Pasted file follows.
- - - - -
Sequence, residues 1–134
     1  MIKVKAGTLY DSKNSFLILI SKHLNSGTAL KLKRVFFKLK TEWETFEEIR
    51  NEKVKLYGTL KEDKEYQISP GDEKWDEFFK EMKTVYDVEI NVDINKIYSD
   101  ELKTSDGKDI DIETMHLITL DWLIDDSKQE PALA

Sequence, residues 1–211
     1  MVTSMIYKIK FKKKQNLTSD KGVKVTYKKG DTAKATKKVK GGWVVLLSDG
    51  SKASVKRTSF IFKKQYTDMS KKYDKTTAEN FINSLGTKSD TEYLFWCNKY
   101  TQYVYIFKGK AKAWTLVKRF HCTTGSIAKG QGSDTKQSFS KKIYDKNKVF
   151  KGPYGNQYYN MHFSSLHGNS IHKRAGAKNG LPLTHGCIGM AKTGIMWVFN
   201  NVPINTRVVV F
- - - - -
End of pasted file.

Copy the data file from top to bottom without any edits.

Sequence, residues 1–134
     1  MIKVKAGTLY DSKNSFLILI SKHLNSGTAL KLKRVFFKLK TEWETFEEIR
    51  NEKVKLYGTL KEDKEYQISP GDEKWDEFFK EMKTVYDVEI NVDINKIYSD
   101  ELKTSDGKDI DIETMHLITL DWLIDDSKQE PALA

Sequence, residues 1–211
     1  MVTSMIYKIK FKKKQNLTSD KGVKVTYKKG DTAKATKKVK GGWVVLLSDG
    51  SKASVKRTSF IFKKQYTDMS KKYDKTTAEN FINSLGTKSD TEYLFWCNKY
   101  TQYVYIFKGK AKAWTLVKRF HCTTGSIAKG QGSDTKQSFS KKIYDKNKVF
   151  KGPYGNQYYN MHFSSLHGNS IHKRAGAKNG LPLTHGCIGM AKTGIMWVFN
   201  NVPINTRVVV F